Gazeta on February 7 described how Chechen officials have been systematically extracting kickbacks from residents who received compensation payments for homes destroyed during the republic’s two wars. The newspaper reported that according to residents of the capital Grozny who have already received compensation payments, there are two ways to ensure that you receive at least some compensation. “The first is to give a bribe of from 30,000 (rubles) [around $1216] beforehand, but that isn’t the most reliable way; you can run into fraud,” Gazeta wrote. “The second variant is more reliable: you need to share the money fifty-fifty immediately after receiving it. The officials engaged in [distributing] the payments often themselves step forward as middlemen in this business. The sharing out usually takes place directly beside branches of Rosselkhozbank, which carries out the operations.”
Indeed, a Grozny resident named Uslam told Gazeta: “On leaving the branch of the bank on Ulitsa Mira, an acquaintance who was acting as a middleman in filling out documents suggested going to his car. There we split my compensation equally, as had been agreed to, after which I was even driven home. My neighbors, who did not agree to split [their compensation payment] 50-50, are still waiting their turn [to receive compensation].”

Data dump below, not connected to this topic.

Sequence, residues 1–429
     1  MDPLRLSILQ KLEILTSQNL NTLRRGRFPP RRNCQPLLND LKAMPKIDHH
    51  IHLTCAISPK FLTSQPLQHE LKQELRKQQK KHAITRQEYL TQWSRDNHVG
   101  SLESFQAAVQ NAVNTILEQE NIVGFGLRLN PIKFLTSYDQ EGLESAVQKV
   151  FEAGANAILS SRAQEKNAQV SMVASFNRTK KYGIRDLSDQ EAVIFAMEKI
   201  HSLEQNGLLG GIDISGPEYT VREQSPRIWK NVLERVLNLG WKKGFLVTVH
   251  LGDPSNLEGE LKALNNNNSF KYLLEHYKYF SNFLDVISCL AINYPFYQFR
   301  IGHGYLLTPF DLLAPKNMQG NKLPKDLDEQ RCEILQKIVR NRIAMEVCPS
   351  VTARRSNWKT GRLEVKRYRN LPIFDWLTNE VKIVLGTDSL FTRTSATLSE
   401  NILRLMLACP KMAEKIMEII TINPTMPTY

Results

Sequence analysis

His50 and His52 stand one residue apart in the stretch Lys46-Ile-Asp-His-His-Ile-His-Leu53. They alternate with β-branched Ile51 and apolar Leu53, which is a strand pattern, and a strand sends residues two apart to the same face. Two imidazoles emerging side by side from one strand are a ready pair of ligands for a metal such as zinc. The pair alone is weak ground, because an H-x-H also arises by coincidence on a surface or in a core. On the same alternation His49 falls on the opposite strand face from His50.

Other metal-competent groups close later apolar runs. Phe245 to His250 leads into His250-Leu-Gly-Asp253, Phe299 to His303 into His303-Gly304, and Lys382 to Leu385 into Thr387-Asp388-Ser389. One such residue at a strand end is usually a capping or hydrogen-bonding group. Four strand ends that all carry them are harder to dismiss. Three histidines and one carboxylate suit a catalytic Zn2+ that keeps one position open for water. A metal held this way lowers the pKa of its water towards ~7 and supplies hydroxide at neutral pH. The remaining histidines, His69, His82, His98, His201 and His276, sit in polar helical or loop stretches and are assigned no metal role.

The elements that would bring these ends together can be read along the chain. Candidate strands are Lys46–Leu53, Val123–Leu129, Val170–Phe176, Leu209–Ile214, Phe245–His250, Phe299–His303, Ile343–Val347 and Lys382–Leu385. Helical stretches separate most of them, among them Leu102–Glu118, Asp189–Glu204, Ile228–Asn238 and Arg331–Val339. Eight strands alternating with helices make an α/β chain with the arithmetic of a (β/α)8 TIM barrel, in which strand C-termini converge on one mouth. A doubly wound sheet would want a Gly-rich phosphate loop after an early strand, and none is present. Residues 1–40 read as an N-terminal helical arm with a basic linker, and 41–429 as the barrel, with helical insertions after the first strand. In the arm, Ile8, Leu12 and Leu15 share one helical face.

Gazeta quoted Chechnya’s deputy prosecutor, Nikolai Khabarov, as saying that while the fight against such schemes is successful, it is not without problems. He said 789 criminal cases had been filed since the republic started making compensation payments for destroyed homes, and that 225 cases against 280 people were heard in court, all of which resulted in convictions. In addition, 18 cases of malfeasance were brought against 18 officials in connection with compensation payments, the source said. An unnamed and highly placed Chechen Interior Ministry source had different figures: the source told the newspaper that 611 cases had been brought since the start of compensation payments, including 80 cases against officials responsible for the process of registering requests for compensation payments. As a result, the source said, the state averted 2.95 billion rubles (more than $119 million) in losses. The source said that criminal cases were brought last year against Chechen housing officials who allegedly conspired with construction contractors—and, in at least one case, with military officials—to fake documents concerning the amount of work completed. One such official has already been sentenced to six years in prison, the source said.